Exceptional service is a reminder that true luxury is more than expensive objects. Jeffrey Klein gets that. The visionary behind JK Hotels, which owns the celebrated Sunset Tower Hotel and San Vicente Bungalows, both in Los Angeles, and the Monkey Bar, in New York, Klein is dedicated to a singular pursuit: “I love to craft an experience for people, to really curate that.”
Experiences have become an irresistible frontier for influencers and marketers in recent years, but Klein was one of the first to understand how to merge the concrete with the sumptuously intangible. “It’s not just the decor or the design,” he says. “It’s so much: It’s the menu. It’s the way the servers talk to the customers. It’s the way the doorman speaks to them. It’s the entire soul of the place. This is all extremely exciting to me, and there’s no other job like it.”
Klein grew up in New York with parents who cared about culture and travel. His mother, who wrote books about antiques and folk art, has wonderful taste, and his father has a gregarious disposition, he says, noting, “Those two things are what define my career.”
Klein creates places people want to be in. Enveloping, sophisticated and slightly nostalgic, his environments are like fragrances; with the right chemistry and attitude, they just work. Through his personal, noncommercial approach to hospitality, the tastemaker, whose career spans 25 years, offers patrons the opportunity to be transported and tended to on their own terms.
His latest project, Hotel 850, in West Hollywood, is a collaboration with interior designer Rita Konig and architect Marc Appleton. With just 23 rooms, the property is a quietly cool addition to L.A.’s buzzy hospitality scene. It’s also unlike his previous endeavors: Created to feel like a private residence, the hotel is intimately scaled, with an unpretentious, cozy vibe — “like staying at an aunt’s chic house,” as Klein puts it. And it represents a different concept of what accommodation and service can be.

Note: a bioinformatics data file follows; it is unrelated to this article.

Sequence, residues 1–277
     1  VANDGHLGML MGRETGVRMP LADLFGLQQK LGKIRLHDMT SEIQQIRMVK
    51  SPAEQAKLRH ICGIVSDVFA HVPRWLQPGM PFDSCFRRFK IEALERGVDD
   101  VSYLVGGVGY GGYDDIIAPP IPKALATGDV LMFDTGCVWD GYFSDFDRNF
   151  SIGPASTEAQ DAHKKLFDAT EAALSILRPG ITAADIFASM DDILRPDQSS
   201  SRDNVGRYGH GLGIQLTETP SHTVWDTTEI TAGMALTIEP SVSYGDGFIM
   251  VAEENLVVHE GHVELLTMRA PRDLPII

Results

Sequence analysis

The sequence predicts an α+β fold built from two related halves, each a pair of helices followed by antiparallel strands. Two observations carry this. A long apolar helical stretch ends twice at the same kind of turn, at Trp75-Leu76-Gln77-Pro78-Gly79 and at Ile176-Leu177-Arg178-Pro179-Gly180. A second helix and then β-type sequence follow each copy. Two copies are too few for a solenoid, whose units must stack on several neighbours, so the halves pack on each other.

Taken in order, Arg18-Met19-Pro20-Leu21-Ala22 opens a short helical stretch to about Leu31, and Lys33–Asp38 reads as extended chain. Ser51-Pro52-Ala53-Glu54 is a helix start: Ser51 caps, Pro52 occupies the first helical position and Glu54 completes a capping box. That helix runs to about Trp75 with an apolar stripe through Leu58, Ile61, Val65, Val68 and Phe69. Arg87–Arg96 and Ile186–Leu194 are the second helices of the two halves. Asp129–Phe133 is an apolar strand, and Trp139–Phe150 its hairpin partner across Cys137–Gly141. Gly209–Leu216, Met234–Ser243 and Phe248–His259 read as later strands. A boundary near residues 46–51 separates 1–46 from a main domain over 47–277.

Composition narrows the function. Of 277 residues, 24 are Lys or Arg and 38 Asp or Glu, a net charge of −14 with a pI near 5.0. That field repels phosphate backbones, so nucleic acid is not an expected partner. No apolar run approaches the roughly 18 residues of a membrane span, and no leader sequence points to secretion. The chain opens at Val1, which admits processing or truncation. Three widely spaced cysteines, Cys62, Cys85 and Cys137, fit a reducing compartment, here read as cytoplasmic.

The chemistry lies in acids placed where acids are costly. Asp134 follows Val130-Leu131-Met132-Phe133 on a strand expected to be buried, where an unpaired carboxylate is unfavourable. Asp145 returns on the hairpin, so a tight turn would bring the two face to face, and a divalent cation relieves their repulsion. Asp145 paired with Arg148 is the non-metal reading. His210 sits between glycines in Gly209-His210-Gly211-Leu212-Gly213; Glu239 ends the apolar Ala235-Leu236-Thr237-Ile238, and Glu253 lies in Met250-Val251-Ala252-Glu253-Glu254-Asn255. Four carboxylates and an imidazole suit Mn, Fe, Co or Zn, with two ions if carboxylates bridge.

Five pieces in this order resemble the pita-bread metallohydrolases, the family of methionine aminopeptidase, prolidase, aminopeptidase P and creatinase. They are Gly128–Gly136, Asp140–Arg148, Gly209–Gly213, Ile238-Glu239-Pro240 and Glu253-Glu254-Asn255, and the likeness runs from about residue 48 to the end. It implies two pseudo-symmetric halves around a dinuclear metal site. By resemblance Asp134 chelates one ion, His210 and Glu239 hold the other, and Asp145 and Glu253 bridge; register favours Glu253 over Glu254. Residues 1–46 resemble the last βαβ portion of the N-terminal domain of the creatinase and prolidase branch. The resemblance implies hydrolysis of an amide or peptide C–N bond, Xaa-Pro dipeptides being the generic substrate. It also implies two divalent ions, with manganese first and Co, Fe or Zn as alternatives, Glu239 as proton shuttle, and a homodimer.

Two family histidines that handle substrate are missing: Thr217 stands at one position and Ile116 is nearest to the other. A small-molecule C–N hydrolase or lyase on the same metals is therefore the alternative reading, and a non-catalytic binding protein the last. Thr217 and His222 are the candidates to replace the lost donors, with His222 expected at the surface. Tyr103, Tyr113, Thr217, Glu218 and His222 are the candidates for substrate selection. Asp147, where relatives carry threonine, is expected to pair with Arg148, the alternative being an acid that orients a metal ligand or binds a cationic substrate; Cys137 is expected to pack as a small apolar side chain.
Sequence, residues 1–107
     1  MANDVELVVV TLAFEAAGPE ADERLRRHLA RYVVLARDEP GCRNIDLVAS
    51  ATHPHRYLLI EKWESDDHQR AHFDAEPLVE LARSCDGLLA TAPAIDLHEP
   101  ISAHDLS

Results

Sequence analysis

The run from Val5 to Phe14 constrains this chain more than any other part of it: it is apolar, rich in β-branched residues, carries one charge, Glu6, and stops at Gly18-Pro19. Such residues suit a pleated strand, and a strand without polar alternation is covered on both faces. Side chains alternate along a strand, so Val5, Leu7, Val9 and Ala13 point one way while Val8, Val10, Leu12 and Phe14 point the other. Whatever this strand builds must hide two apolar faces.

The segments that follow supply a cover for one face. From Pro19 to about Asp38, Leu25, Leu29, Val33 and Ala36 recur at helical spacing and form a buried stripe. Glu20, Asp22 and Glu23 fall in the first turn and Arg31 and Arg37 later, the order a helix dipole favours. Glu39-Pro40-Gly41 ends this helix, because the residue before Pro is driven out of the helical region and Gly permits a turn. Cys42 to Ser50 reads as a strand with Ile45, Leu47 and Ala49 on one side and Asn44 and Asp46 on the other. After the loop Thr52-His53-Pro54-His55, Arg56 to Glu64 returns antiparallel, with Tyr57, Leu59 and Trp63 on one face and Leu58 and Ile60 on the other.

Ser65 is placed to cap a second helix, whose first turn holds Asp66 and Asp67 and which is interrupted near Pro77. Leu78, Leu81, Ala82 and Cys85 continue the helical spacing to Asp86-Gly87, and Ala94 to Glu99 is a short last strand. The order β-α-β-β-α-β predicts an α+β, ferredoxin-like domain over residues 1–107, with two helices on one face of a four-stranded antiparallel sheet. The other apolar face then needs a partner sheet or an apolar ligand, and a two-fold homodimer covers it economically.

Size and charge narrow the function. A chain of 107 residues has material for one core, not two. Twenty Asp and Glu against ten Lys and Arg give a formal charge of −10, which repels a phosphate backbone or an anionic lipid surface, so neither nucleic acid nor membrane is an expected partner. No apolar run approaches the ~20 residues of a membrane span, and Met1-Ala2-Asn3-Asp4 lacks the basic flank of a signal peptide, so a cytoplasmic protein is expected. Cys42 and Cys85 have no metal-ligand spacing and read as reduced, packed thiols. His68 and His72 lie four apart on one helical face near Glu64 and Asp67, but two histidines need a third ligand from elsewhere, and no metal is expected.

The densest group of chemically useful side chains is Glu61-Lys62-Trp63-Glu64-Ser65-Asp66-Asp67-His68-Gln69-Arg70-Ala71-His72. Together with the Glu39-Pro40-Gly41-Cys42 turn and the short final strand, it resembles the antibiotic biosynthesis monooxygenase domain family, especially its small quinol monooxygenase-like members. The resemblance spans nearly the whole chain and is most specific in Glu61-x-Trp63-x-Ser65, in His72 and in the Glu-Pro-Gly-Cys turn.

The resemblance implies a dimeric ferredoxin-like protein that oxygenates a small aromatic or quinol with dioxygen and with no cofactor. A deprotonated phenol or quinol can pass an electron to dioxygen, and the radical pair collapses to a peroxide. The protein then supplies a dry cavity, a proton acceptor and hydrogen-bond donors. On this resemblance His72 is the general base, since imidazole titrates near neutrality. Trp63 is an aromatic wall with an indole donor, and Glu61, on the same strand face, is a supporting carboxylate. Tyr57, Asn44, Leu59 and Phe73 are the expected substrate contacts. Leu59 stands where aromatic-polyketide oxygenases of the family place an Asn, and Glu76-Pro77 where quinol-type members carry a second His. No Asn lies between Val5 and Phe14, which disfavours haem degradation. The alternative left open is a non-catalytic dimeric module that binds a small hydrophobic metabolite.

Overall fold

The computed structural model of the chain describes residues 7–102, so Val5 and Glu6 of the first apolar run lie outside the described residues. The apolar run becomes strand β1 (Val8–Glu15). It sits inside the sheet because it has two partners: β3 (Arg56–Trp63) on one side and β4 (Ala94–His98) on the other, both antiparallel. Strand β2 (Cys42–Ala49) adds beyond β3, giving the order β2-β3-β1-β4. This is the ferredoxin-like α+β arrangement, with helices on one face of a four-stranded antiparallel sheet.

Arriving guests enter a sunny space where they are greeted by a desk agent, who stands next to a selection of wines arranged in an open wooden cabinet, suggesting that his or her role extends beyond check-in service. Instead of a scatter of lobby chairs, a plush, three-piece sectional hugs the paneled walls. People sit, hang out and talk, rather than fidget with their phones until their Uber arrives.
There is a breakfast room, as well as a kitchen where a few guests have even cooked meals. The living area, terrace and roof deck are also shared, and the hotel recently debuted an honor bar that allows people to mix their own drinks, as they do at home. They can then either linger there over their libations or bring them back to their rooms, a choice that typifies the fluid movement between privacy and interaction at 850.
Klein was inspired to launch this venture after a trip to Sicily with his husband, producer John Goldwyn. The couple stayed at the Seven Rooms Villadorata, in the baroque city of Noto, in the island’s southeast corner. The hotel left an indelible imprint on Klein.
He envisioned Hotel 850 as part of the same breed, offering the independence that Airbnbs promise but including amenities and service they often lack. “I feel like these smaller hotels hit this special nerve, allowing people to be immersed in the culture that they’re visiting, to have a unique, personal experience and stay in a hotel with a soul, like a beautiful home,” says Klein.